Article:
For standard PCR, all you need is a DNA polymerase, magnesium, nucleotides, primers, the DNA template to be amplified and a thermocycler. The PCR mechanism is as simple as its purpose: 1) double-stranded DNA (dsDNA) is heat denatured, 2) primers align to the single DNA strands and 3) the primers are extended by DNA polymerase, resulting in two copies of the original DNA strand. The denaturation, annealing, and elongation process over a series of temperatures and times is known as one cycle of amplification. Each step of the cycle should be optimized for the template and primer set used. This cycle is repeated approximately 20-40 times and the amplified product can then be analyzed. PCR is widely used to amplify DNA for subsequent experimental use. PCR also has applications in genetic testing or for the detection of pathogenic DNA.
As PCR is a highly sensitive method and very small volumes are required for single reactions, preparation of a master mix for several reactions is recommended. The master mix must be well mixed and then split by the number of reactions, ensuring that each reaction will contain the same amount of enzyme, dNTPs and primers. Many suppliers, such as Enzo Life Sciences, also offer PCR mixes that already contain everything except primers and the DNA template.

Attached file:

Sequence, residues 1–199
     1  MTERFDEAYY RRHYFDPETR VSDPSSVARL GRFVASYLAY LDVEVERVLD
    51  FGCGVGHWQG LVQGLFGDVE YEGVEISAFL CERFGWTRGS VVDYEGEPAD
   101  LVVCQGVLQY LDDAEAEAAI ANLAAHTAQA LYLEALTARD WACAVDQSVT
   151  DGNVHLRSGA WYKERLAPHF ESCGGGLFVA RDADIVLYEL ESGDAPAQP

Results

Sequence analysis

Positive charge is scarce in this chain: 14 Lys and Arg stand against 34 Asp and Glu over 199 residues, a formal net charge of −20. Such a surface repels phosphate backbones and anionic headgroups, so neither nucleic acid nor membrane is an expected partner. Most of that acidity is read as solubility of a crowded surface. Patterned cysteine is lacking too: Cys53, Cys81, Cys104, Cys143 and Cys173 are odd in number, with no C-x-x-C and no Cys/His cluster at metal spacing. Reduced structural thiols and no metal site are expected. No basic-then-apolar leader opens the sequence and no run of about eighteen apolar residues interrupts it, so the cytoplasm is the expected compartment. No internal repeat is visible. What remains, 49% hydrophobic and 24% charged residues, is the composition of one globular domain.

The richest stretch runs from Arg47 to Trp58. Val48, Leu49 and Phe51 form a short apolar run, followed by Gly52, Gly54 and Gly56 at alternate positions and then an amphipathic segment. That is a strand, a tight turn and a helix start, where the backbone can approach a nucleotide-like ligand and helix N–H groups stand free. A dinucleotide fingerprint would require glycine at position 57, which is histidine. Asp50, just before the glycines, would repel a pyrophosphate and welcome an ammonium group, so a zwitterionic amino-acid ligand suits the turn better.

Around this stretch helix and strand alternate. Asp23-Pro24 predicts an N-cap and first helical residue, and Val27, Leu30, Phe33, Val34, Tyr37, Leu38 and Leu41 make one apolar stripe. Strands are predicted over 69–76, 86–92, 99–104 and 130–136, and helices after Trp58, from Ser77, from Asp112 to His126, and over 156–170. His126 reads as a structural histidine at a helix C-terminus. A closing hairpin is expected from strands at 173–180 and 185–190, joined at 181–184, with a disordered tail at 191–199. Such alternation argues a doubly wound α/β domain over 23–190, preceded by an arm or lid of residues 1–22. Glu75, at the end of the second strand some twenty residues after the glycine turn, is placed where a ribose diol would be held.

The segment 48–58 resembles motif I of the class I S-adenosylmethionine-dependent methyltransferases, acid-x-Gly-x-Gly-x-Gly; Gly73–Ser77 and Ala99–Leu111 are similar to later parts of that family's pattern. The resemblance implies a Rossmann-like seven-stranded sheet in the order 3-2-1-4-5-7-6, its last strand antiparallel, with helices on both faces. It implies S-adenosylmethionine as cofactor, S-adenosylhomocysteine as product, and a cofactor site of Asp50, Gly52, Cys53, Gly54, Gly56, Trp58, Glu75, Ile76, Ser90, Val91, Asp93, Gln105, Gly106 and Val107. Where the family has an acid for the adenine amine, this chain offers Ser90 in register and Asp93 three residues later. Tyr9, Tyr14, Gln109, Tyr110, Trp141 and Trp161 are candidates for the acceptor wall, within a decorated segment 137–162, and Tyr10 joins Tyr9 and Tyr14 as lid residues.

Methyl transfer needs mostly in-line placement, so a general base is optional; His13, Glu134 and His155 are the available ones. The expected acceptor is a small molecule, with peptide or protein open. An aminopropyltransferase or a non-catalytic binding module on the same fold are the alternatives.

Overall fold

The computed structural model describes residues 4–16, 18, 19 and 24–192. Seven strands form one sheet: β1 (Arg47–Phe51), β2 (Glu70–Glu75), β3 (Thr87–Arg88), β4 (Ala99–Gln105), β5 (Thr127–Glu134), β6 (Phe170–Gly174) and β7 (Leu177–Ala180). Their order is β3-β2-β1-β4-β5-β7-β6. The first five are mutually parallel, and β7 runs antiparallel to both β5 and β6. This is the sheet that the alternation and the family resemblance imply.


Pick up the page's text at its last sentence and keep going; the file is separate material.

Guanine/Cytosine-rich (GC-rich) regions represent a challenge in standard PCR techniques. GC-rich sequences are more stable than sequences with lower GC content. Furthermore, GC-rich sequences tend to form secondary structures, such as hairpin loops. As a result, GC-rich double strands are difficult to completely separate during the denaturation phase. Consequently, DNA polymerase cannot synthesize the new strand without hindrance. A higher denaturation temperature can improve this and adjustments towards a higher annealing temperature and shorter annealing time can prevent unspecific binding of GC-rich primers. Additional reagents can improve the amplification of GC-rich sequences. DMSO, glycerol and betaine help to disrupt the secondary structures that are caused by GC interactions and thereby facilitate separation of the double strands.
Reverse transcription PCR, or RT-PCR, allows the use of RNA as a template. An additional step allows the detection and amplification of RNA. The RNA is reverse transcribed into complementary DNA (cDNA), using reverse transcriptase. The quality and purity of the RNA template is essential for the success of RT-PCR. The first step of RT-PCR is the synthesis of a DNA/RNA hybrid. Reverse transcriptase also has an RNase H function, which degrades the RNA portion of the hybrid. The single stranded DNA molecule is then completed by the DNA-dependent DNA polymerase activity of the reverse transcriptase into cDNA. The efficiency of the first-strand reaction can affect the amplification process. From here on, the standard PCR procedure is used to amplify the cDNA. The possibility to revert RNA into cDNA by RT-PCR has many advantages. RNA is single-stranded and very unstable, which makes it difficult to work with. Most commonly, it serves as a first step in qPCR, which quantifies RNA transcripts in a biological sample.
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